LittleBigPlanet Review - Screenshot 1 of 3

In many ways LittleBigPlanet PSP is a direct port of Media Molecule's PlayStation 3 monster. Visually, tonally and mechanically the games are close to identical; Studio Cambridge do an outstanding job of recreating Media Molecule's vision on a portable system. The single player campaign is new however, sending Sackboy (or Sackgirl) on a global adventure to recruit troubled Creator Curators for an annual festival.

It must have been hard for Media Molecule to commission Sony's Cambridge Studio with the development of their baby. It could so easily have gone wrong, but Studio Cambridge have done an absolutely sterling job with Media Molecule's vision. It's just staggering how close LittleBigPlanet PSP is to the PlayStation 3 version. The physics, animation and art are all in place, rebuilding the papercraft world that made the home console's LittleBigPlanet such a huge hit. It really is a loving recreation, and one that's going to draw you into the LittleBigPlanet franchise all over again.

LittleBigPlanet Review - Screenshot 2 of 3

LittleBigPlanet on Playstation 3 wasn't commended enough for its audio. Fact is, it should have been. While there are notable omissions from LittleBigPlanet PSP's soundtrack, there are enough catchy newcomers to have you tearing your hair out long after putting the game down. These songs stick. For a long, long time. Matching the whimsical charm found elsewhere, Stephen Fry is on hand to narrate the game with some awesomely British one-liners. As Fry himself would say, the voice work makes you feel all warm and snug as a rug in a fuzzy-woo.

LittleBigPlanet PSP includes all the features players have come to expect from the franchise. Sticker collection, level building and a fantastic whimsical charm. The single player campaign will take roughly five hours to complete, but those who've played LittleBigPlanet on PlayStation 3 will know that the replay value lies in the community. Dare we describe LittleBigPlanet PSP's level design as more inventive than its PlayStation 3 counterpart? There are a lot more puzzles in LittleBigPlanet PSP's campaign, alongside more 'set piece' scenarios. Of course, all of the game's levels can be completely created in the My Moon section, which is absolutely inspiring.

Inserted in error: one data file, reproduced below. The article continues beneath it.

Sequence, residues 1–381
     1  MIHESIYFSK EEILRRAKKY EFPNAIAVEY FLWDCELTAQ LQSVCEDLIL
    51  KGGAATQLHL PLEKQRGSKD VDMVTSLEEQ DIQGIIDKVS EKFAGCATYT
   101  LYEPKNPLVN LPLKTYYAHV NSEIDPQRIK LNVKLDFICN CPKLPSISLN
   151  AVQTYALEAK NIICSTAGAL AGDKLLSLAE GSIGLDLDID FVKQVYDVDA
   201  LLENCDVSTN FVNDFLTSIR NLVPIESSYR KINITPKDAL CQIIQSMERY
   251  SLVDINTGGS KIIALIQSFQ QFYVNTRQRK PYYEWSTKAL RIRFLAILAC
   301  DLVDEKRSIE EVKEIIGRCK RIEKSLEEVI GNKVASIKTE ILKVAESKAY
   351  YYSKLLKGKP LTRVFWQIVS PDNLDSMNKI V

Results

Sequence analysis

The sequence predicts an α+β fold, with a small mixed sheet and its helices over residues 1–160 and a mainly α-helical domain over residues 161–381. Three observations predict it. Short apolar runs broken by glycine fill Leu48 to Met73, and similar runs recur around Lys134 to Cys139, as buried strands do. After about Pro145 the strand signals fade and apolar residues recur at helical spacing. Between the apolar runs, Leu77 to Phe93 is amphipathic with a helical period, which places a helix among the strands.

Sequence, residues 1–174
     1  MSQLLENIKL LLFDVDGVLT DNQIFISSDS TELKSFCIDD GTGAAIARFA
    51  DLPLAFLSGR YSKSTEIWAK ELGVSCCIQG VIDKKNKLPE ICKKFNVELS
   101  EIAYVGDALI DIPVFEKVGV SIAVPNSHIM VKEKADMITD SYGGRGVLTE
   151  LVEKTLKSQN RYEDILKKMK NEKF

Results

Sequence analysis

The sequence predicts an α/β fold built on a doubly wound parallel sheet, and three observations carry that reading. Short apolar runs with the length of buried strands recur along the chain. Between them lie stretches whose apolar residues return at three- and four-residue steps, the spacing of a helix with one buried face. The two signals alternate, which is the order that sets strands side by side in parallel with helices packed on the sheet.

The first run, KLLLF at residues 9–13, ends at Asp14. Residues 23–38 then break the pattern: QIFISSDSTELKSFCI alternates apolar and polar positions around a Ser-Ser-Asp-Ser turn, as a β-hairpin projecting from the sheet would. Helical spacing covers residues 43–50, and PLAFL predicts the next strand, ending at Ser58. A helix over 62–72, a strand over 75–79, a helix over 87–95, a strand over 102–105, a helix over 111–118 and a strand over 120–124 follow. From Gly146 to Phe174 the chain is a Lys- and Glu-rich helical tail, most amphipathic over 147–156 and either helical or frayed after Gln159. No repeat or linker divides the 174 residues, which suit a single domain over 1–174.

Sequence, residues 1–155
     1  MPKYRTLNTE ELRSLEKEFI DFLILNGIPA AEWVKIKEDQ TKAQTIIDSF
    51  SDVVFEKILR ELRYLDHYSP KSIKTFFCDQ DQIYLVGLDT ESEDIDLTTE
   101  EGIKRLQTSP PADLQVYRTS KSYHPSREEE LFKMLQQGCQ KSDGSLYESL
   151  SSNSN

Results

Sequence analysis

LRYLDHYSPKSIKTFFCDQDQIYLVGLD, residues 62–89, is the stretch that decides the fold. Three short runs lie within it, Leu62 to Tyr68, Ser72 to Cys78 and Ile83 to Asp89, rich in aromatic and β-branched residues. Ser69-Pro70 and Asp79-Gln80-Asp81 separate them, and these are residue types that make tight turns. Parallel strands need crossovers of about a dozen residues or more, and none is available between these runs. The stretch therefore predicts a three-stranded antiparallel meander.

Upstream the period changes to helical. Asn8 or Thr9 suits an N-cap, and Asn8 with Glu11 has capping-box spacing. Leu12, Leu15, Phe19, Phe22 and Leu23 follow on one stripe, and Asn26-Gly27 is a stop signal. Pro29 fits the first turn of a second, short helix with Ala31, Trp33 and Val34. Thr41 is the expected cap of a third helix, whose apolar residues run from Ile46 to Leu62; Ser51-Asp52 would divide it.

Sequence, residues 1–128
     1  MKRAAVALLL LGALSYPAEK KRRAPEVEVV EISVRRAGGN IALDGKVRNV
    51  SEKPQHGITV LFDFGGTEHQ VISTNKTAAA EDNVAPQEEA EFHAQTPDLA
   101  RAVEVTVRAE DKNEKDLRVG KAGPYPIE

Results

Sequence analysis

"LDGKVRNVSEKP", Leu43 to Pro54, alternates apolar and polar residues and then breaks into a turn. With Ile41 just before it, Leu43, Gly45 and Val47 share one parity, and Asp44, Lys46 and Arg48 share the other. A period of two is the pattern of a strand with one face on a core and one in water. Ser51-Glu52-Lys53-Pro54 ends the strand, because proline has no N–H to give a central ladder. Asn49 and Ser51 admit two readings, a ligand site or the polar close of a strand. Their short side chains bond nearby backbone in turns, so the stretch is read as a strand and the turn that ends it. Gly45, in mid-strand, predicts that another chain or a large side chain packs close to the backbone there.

LittleBigPlanet Review - Screenshot 3 of 3

We have to admit, with a semblance of cynicism, that when we heard LittleBigPlanet was coming to the PSP we thought it would just be a single player campaign based on the mechanics of the universe. We were wrong. LittleBigPlanet PSP features all the tools of the PlayStation 3 game, allowing you to create levels and objects on the move. You can then, of course, share levels online (or via adHoc) and test out other people's work. It still takes major commitment to create a good, functioning level, but if that's your thing, LittleBigPlanet PSP is going to let you do some of that work on the train. Think about it.

Occasionally mechanics are introduced that aren't necessarily suited to the game's capabilities. For example, one level has you in control of a magic carpet which is, well, a nightmare to control. The design is inviting and clever, but the execution can be frustrating. These moments pop up now and again during the campaign, and will cause the odd "naughty naughty" to sour the air around you.


If you don't like LittleBigPlanet, nothing here is going to change your mind. The controls are slightly less floaty and the checkpoints are infinite (making the game a smidgen less frustrating than on PlayStation 3), but, hey, it's still totally LittleBigPlanet. We're confident in describing LittleBigPlanet PSP as the best PlayStation Portable game of 2009.